Wow, you have set yourself quite a project for a first time with multithreading.

I think there is nothing wrong with using BackgroundWorker for what you are doing.
There are many pitfalls when using multiple threads and the BackgroundWorker protects you from some of them. Also, it comes with a nice reporting mechanism (ReportProgess), and can be asynchronously cancelled from the calling thread ().:cool:

My answers to your questions:

1) Are those handlers always called in thread where BackgroundWorker instance is created?

No. The BackgroundWorker inspects the delegates and will invoke if required; otherwise the delegate is called on its own thread.
In your case what this means is that MyBackgroundWorker will call Doorman.OnProgressChanged on the same thread as MyBackgroundWorker.OnDoWork and Doorman will invoke Form1.OnProgresChanged to the UI thread (i.e Form1's thread)

Below is an example of how this can be achieved. My OnError event invokes the delegates if needed and also protects itself from errors by wrapping each call in a try block.

public event ErrorHandler Error;

        public delegate void ErrorHandler(object sender, ErrorEventArgs e);

        protected virtual void OnError(ErrorEventArgs e)
        {
            // get local copy of event handler to ensure no changes while invoking
            ErrorHandler handler = Error;
            if (handler != null)
            {
                // translate to individual single cast delegates
                // and either invoke or call directly as required
                foreach (ErrorHandler singleCast in handler.GetInvocationList())
                {
                    ISynchronizeInvoke syncInvoke = singleCast.Target as ISynchronizeInvoke;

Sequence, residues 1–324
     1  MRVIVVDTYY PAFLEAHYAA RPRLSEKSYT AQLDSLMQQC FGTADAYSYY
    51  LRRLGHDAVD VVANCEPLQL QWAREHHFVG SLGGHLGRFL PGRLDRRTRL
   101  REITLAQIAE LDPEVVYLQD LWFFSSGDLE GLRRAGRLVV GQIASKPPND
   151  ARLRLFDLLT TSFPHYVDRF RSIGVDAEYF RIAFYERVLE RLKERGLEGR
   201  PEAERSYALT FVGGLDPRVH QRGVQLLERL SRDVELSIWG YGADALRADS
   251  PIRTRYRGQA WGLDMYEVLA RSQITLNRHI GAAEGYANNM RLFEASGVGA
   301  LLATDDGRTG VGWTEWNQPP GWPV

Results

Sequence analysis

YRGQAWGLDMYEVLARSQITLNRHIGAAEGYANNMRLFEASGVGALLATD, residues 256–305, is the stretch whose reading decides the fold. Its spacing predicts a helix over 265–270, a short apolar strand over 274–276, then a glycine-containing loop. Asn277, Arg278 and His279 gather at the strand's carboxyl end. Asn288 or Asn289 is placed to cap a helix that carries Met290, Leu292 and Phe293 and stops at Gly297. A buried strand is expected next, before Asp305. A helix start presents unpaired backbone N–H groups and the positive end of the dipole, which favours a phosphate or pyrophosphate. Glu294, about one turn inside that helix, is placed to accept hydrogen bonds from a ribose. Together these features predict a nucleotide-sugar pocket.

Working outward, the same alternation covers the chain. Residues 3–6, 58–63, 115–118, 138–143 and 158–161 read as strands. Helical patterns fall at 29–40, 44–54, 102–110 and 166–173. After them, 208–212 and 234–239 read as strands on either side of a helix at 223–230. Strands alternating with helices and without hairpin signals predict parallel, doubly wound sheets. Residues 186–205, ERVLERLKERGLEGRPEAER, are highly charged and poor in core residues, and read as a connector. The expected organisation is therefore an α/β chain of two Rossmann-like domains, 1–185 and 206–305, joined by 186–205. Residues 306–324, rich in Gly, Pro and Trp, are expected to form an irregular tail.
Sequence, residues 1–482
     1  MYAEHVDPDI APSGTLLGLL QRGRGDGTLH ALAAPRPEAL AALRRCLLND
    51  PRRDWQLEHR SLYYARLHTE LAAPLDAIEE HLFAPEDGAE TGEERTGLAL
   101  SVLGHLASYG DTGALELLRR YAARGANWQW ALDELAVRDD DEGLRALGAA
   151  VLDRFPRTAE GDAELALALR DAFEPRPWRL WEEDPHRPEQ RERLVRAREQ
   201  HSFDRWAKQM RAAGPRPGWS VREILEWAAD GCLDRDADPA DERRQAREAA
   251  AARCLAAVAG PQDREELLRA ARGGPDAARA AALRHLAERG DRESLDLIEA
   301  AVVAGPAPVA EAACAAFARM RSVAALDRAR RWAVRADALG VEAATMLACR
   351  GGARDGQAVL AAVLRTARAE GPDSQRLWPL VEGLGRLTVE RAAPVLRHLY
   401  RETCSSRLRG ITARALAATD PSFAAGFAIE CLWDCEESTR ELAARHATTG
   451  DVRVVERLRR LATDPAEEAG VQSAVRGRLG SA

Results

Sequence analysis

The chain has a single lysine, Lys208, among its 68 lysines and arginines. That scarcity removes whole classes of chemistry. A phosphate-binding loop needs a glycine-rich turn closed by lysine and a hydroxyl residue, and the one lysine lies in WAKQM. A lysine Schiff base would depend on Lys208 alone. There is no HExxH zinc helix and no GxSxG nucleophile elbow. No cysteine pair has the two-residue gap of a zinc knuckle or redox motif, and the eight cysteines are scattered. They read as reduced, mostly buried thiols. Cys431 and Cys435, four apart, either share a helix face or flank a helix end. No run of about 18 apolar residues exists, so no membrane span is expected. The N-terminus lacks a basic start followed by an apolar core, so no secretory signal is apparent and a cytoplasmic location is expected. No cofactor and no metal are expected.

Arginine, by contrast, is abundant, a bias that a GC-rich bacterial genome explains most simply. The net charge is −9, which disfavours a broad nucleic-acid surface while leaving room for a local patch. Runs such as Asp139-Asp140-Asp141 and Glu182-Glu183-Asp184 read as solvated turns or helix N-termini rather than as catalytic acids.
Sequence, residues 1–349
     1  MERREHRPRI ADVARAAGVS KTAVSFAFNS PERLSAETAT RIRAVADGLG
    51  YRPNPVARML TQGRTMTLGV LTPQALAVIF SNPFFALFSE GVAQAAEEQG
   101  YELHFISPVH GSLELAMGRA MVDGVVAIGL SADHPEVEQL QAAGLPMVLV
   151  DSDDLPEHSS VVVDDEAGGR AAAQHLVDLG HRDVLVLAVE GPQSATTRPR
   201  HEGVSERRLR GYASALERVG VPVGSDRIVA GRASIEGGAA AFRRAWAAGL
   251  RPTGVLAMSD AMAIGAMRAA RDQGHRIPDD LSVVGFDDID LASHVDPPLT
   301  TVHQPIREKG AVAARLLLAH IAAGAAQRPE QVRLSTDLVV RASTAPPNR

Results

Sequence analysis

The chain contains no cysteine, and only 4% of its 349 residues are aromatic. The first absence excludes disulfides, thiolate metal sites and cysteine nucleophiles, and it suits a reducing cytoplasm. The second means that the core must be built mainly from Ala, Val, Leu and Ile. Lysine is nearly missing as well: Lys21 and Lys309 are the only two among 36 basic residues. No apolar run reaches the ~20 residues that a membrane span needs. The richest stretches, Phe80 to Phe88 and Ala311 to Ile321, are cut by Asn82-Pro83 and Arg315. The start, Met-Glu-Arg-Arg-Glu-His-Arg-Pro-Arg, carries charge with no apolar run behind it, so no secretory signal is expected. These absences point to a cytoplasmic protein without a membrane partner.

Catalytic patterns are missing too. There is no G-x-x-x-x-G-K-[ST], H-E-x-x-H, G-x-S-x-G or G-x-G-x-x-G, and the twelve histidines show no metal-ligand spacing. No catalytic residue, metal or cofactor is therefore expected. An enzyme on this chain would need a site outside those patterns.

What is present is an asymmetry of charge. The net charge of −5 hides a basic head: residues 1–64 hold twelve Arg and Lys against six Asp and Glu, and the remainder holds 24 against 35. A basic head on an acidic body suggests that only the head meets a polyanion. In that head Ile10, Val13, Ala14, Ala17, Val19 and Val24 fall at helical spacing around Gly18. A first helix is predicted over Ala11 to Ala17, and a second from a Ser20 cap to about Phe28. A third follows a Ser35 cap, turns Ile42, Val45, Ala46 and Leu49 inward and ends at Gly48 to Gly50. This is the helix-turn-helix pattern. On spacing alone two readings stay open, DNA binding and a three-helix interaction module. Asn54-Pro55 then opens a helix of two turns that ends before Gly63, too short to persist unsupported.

try
                    {
                        if ((syncInvoke != null) && (syncInvoke.InvokeRequired))
                            syncInvoke.Invoke(singleCast, new object[] { this, e });
                        else
                            singleCast(this, e);
                    }
                    catch
                    { }
                }
            }
        }

2) ... Just to play safe I locked part of code in OnProgressChanged handler where I update that list with new users. Did I have to do this?

No harm doing it. Unless you are doing something that could cause a Deadlock; which you don't seem to be doing. Also, Doorman.OnProgressChanged method is called on a ThreadPool thread and so could execute at any time making this a safe thing to do.

2) ... I dont understand when event handlers are executed?

OK. An event is actually a collection of delegates (pointers to functions) called a MulticastDelegate. When the event is raised, the list of delegates is called in turn, either on the current thread or invoked to the UI thread. See my OnError example above.
Generally, the .Net objects call events on the objects's own thread (the BackgroundWorker is an exception to this rule).

3) Is it bad idea to use "percentage" argument from ReportProgress in OnProgressChanged handler as some sort of ID for communication between backgroundworker thread and caller?

Go ahead, its just a number after all. ;)

One bit of advice, put try..catch blocks around sensitive bits of your code. It can help stop your threads from just dying without notice.

Good luck with your project. :)

Edited 6 Years Ago by nick.crane: n/a

Thank you very much for your reply. You helped me a lot to understand whats going on under the hood.
Yes, I use try/catch around sensitive bits of code. I just dont use them in background worker OnDoWork method, because I check exceptions from that method in OnWorkCompleted handler, as suggested in BackgroundWorker documentation.

I managed to finish this project last night, and everything is working very well :)